A rendering of the winning design concept for the new Art Gallery of Nova Scotia, seen from the corner of Salter and Lower Water streets. — KPMB Architects with Omar Gandhi Architect, Jordan Bennett Studio, Elder Lorraine Whitman, Public Work and Transsolar.
A rendering of the winning design concept for the new Art Gallery of Nova Scotia, seen from the corner of Salter and Lower Water streets. — KPMB Architects with Omar Gandhi Architect, Jordan Bennett Studio, Elder Lorraine Whitman, Public Work and Transsolar.

Councillors will consider spending $7 million on the new Art Gallery of Nova Scotia as part of their 2021-2022 budget deliberations.

Halifax regional council’s Audit and Finance Standing Committee asked for a staff report on Tuesday on the request from the Art Gallery of Nova Scotia (AGNS) — equal to a little more than 5% of the total capital cost of $130 million for the new gallery, located in the Salter block on the Halifax waterfront.

AGNS announced the winning design concept for the new gallery, by Toronto-based KPMB Architects, with Omar Gandhi Architect, Jordan Bennett Studio, Elder Lorraine Whitman, Public Work and Transsolar, in November.

It’s expected to cost $97 million to build the gallery, with another $30 million in consulting, project management, testing, and inspection costs and $3 million in moving costs.

The provincial government is paying $70 million, the federal government has agreed to put in $30 million, and AGNS received a $10 million donation from the Sobey Foundation. Another $7 million from HRM would leave AGNS to fundraise the remaining $13 million for construction, but it’s trying to raise a total of $40 million, including the Sobey donation, to also boost the collection after the new gallery is complete.

During the Audit and Finance Standing Committee meeting on Tuesday, AGNS director and CEO Nancy Noble made the official request from the municipality, arguing the project aligns with council’s priorities.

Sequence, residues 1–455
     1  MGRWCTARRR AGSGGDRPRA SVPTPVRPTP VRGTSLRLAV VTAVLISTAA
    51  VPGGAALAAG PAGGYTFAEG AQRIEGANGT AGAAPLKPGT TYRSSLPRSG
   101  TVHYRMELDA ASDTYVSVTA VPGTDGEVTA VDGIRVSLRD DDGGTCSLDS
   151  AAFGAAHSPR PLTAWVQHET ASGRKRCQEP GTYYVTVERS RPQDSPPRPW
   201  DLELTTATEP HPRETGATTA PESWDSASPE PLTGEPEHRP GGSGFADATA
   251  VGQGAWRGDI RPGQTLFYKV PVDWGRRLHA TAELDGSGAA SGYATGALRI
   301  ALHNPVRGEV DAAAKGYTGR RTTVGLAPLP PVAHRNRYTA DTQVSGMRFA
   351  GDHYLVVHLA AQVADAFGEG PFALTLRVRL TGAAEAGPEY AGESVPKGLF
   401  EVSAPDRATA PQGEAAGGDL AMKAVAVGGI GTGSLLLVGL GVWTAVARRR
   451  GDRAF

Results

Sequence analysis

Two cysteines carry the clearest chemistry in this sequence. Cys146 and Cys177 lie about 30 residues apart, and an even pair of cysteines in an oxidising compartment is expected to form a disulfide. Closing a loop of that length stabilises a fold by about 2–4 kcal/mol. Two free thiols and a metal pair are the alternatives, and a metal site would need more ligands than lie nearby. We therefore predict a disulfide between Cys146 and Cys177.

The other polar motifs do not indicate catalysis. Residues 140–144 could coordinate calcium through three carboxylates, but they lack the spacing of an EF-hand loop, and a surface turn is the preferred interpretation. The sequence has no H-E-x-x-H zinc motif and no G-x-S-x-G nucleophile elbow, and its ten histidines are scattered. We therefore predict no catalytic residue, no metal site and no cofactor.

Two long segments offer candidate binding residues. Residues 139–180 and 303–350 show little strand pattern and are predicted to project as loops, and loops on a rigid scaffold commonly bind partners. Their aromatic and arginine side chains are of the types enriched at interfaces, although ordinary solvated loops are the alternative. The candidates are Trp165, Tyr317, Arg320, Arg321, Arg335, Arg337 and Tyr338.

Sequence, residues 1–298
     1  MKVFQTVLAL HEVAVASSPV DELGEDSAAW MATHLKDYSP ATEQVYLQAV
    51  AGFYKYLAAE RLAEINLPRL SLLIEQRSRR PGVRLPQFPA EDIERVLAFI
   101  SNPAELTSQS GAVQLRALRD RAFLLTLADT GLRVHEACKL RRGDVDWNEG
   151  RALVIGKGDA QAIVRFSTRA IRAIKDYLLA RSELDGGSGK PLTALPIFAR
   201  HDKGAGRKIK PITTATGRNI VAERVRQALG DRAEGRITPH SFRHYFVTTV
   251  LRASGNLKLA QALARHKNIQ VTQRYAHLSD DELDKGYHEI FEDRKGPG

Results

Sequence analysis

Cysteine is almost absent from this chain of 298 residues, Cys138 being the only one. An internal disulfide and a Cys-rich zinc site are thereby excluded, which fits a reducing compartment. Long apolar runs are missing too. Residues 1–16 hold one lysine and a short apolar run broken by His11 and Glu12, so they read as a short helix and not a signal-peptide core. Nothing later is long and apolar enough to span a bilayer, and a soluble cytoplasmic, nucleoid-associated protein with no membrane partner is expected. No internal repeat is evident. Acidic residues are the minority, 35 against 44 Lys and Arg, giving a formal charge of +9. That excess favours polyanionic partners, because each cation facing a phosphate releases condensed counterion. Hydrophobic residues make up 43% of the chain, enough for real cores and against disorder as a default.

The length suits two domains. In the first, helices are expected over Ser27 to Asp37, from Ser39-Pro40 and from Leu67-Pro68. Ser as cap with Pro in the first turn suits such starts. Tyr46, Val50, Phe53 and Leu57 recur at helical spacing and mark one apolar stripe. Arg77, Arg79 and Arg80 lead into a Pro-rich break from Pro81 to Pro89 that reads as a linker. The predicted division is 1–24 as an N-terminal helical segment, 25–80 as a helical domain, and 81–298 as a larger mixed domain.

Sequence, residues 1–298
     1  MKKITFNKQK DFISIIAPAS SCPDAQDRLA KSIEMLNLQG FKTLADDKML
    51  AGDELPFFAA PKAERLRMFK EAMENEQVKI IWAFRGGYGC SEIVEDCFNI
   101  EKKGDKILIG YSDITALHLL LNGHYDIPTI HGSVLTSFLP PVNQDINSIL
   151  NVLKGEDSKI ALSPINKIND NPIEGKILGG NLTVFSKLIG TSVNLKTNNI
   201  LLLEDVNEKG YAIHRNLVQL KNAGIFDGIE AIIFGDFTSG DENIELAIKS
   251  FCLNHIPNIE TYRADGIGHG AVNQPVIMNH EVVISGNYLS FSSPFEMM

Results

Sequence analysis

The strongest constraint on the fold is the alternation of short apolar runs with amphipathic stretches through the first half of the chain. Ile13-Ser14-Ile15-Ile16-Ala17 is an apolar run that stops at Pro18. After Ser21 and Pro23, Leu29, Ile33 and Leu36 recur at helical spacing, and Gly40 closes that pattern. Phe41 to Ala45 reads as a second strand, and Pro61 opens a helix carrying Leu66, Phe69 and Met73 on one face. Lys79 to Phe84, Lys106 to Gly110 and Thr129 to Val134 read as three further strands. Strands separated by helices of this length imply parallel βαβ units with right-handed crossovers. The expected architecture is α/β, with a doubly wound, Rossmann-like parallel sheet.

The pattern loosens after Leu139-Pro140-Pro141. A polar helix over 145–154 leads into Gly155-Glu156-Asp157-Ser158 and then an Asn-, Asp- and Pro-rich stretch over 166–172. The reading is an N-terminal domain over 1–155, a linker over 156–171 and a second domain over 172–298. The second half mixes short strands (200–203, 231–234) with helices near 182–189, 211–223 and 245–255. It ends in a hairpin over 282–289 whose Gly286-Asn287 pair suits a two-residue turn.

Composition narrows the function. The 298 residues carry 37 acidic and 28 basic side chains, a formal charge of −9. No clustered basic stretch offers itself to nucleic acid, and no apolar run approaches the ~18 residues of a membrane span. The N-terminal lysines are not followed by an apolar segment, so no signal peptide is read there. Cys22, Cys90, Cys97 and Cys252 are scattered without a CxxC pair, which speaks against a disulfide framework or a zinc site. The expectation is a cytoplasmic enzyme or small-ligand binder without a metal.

“We want to build a new waterfront gallery to improve access to art and boost economic development and tourism,” Noble said.

“We’re going to expand our programs, our exhibitions and collections.”

Mayor Mike Savage asked whether AGNS would be able to make it work without a contribution from HRM.

“It will be a lot more difficult for us to raise the full amount if we don’t have some contribution from the city,” Noble said.

“It’s a very difficult time and I recognize that, but it’s also made our job difficult too because raising money isn’t as easy as it was 18 months ago. It is integral, it absolutely is integral.”

Savage said he was open to the capital funding request, but he’s not willing to pay for any operating costs.

“I’m certainly interested in considering what we’re being asked for, which is a contribution to capital, considering it’s a difficult time and it’s a significant ask. It’s kind of the largest I’ve ever seen, but I’m prepared to consider that,” he said.

The request is for $7 million spread over five years — $1.4 million per year. Council could choose to pay in a lump sum from one of its reserve accounts.

“It’s not baked into the budget,” chief administrative officer Jacques Dubé told the committee.

Dubé said the contribution is not included in any of the municipality’s financial projections, and it will be presented during the budget process as an additional item.

Certainly, we have not booked the capacity for this,” he said.

Council will also have to make decision about Salter Street. The municipally owned street extends past Lower Water Street toward the waterfront, next to the Salter block. Dubé said the municipality agreed the street could be considered part of the gallery land for the purpose of the design, but it hasn’t agreed to sell or grant it to AGNS or the province yet.

Dubé said the staff report — including sources of funding for the $7 million, and information on the street and any other potential financial effects for the municipality — will come to council’s budget committee during its debate on the 2021-2022 budget.

Councillors voted last week to move ahead with a budget built around a 1.9% increase to the average property tax bill.

Zane Woodford

Zane Woodford is the Halifax Examiner’s municipal reporter. He covers Halifax City Hall and contributes to our ongoing PRICED OUT housing series. Twitter @zwoodford

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  1. Wrong building, wrong timing, wrong place. PLEASE let the senior levels of government decide to let it die. So MANY millions of our dollars on a monument to egos. Build something more modest on land in the North End; build something beautiful out by the airport….just don’t build this flooding white elephant!

  2. No, no, no. This should have been discussed and decided long before the project started. Halifax could have and should have placed a condition on any municipal funding that the art gallery be built somewhere other than a sea level rise “red zone”. It is bad enough that the arrogance of the elites behind this have ignored the science but Halifax needs to set an example and promote resilience to the effects of climate change and sea level rise. This project scream in the face of common, informed sense.